Residents of Payson and Star Valley will see quicker response times thanks to a new communications system put in place by the Payson Police Department.
In September 2003, voters overwhelmingly approved a public safety improvement project. The police and fire departments were given $1.36 million of that money.
The Payson Police Department used the funds to update its equipment. The new system will change how most calls are handled.
The police department has been working with New World System for more than a year to get the new equipment up and running.
Payson Police Commander Don Engler said the improvements include computer aided dispatch software, record management and computer data terminals inside patrol cars.
"We were operating on software that was implemented in the 1980s," he said. "We were operating on (equipment) that is 20 years old."
The new computer data terminals inside patrol cars, Payson Police Commander Don Engler said, will handle the less serious calls in place of radios, while the more serious crimes will still be able to be heard on police scanners.
Engler said, the system upgrade is comparable to what larger and midsize police departments have done and are doing.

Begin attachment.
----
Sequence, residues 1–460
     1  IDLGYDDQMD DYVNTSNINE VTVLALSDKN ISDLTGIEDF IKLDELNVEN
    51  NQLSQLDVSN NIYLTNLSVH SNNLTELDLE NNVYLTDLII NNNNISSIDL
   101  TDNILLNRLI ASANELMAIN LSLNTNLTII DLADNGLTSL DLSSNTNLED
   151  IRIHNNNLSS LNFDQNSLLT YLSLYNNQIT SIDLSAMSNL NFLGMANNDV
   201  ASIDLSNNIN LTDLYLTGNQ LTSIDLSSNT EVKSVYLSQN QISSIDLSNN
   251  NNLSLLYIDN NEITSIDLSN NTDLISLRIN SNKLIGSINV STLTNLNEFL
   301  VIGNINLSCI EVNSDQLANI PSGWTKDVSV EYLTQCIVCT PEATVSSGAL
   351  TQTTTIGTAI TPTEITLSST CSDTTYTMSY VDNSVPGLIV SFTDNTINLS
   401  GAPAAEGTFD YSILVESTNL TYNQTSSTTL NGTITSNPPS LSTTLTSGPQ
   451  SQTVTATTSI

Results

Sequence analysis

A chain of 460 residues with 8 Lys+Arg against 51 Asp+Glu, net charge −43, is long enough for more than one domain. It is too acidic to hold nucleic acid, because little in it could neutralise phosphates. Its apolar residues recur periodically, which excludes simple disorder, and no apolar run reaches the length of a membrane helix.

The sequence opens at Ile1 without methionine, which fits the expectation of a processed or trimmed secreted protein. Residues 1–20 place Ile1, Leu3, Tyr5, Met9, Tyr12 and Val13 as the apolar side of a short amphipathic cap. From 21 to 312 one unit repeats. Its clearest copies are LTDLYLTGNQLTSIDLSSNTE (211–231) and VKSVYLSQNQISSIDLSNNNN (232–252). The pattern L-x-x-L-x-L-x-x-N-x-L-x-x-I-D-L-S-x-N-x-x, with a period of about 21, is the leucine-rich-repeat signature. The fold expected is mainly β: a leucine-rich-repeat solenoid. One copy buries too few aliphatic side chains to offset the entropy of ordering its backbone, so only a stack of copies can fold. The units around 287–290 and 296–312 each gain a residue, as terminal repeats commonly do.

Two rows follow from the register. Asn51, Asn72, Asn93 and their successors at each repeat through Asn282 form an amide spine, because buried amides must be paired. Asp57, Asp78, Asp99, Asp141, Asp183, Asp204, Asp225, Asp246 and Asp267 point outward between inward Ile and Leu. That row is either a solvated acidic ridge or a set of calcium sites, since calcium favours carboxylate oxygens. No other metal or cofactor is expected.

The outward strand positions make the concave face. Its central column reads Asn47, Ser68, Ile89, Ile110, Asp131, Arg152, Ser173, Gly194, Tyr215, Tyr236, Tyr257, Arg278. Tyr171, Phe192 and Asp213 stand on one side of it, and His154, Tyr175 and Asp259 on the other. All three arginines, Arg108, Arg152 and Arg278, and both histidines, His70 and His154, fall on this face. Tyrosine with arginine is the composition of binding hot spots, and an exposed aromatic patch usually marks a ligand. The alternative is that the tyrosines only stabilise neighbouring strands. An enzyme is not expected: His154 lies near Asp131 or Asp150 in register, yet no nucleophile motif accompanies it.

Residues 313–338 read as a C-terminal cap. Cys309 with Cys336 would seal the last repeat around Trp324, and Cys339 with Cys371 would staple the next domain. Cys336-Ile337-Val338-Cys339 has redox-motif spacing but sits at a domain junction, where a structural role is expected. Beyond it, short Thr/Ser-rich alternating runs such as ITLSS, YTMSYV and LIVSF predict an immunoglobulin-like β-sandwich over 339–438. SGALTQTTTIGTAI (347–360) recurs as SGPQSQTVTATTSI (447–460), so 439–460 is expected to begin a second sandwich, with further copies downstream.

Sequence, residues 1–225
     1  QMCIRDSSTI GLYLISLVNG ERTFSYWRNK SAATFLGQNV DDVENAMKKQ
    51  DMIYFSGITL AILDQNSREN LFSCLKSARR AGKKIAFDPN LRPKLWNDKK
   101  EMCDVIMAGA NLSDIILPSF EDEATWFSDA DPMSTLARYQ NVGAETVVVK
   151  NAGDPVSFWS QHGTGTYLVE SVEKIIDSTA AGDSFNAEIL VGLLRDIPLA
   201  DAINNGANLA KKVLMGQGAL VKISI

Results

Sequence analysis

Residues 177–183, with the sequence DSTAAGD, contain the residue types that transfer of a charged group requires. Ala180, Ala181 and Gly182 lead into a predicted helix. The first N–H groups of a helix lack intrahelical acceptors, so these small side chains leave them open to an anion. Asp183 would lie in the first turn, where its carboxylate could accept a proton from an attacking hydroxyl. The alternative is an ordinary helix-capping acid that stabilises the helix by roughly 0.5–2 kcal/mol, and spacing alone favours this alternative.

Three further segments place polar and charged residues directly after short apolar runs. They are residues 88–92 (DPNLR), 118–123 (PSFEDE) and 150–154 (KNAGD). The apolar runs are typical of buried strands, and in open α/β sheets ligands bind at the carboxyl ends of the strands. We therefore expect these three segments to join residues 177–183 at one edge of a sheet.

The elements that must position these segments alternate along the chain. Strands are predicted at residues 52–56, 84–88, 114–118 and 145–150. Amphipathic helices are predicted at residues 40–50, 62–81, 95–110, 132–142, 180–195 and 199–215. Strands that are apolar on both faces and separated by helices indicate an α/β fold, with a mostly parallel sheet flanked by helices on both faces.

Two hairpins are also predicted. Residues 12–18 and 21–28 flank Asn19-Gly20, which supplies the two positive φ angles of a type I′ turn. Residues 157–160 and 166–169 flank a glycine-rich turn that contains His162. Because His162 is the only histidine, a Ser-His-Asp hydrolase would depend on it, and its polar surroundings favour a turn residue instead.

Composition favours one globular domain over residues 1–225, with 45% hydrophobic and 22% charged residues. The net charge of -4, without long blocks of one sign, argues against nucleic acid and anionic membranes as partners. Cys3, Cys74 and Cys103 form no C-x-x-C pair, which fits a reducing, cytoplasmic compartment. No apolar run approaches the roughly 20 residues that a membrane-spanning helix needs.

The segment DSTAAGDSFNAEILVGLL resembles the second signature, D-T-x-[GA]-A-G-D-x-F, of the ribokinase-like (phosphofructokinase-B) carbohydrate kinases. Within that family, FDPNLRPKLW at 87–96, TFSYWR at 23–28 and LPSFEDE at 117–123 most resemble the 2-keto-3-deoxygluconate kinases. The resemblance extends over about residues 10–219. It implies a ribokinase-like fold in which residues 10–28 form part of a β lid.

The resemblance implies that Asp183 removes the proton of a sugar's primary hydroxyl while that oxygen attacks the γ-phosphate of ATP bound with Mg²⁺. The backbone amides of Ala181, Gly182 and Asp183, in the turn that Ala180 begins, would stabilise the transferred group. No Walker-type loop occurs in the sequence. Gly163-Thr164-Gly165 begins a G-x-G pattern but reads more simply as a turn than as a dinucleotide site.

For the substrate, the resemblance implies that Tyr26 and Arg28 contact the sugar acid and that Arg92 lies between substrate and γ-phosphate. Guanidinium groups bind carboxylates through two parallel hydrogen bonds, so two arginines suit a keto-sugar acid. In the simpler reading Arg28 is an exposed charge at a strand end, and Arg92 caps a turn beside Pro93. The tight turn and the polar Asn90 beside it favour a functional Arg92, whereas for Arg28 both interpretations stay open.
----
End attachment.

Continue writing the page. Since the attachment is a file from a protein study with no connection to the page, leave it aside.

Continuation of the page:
He said in the state of Arizona there are six to eight other police agencies currently using this system.
Included in the improvements are automatic vehicle locators where dispatchers can look at an on-screen map to find out where the officers are patrolling.
The system includes automatic vehicle locators to help dispatcher discern who is closest to the call.
"With this new computer, we will be able to look at and prioritize calls," Engler said.
With the in-car computers, officers will have information at their fingertips. When a call comes in, the location of the call will show up on the screen with directions.
"The improved response time will be tremendous," said Sgt. Rod Mamero. "It's pretty state of the art. It's a good safety issue.
"It's going to be a real valuable tool," Mamero continued, adding that the car mapping is much quicker than pulling over and looking at a map.
Engler said it is not uncommon for officers to ask dispatchers two or three times for an address, slowing the response time. This should never happen with the new system.
If an officer is questioning a suspect and believes a false name is being given, officers with their new equipment will be able to get information on the suspect to see if he or she is being truthful.
Most of the paperwork, Engler said, will be eliminated because officers will be able to e-mail their records and reports through the computer-aided dispatch terminals.
Police Dispatcher Irma Bramlet said the new software allows the department to separate the police calls from fire department calls. She also said dispatchers are able to determine what officers are busy and which ones are on patrols as well as locations for priority calls.
She said the new system is color-coded to see where officers are and to see if they are available.
"This has made it a lot easier to separate the calls," Bramlet said.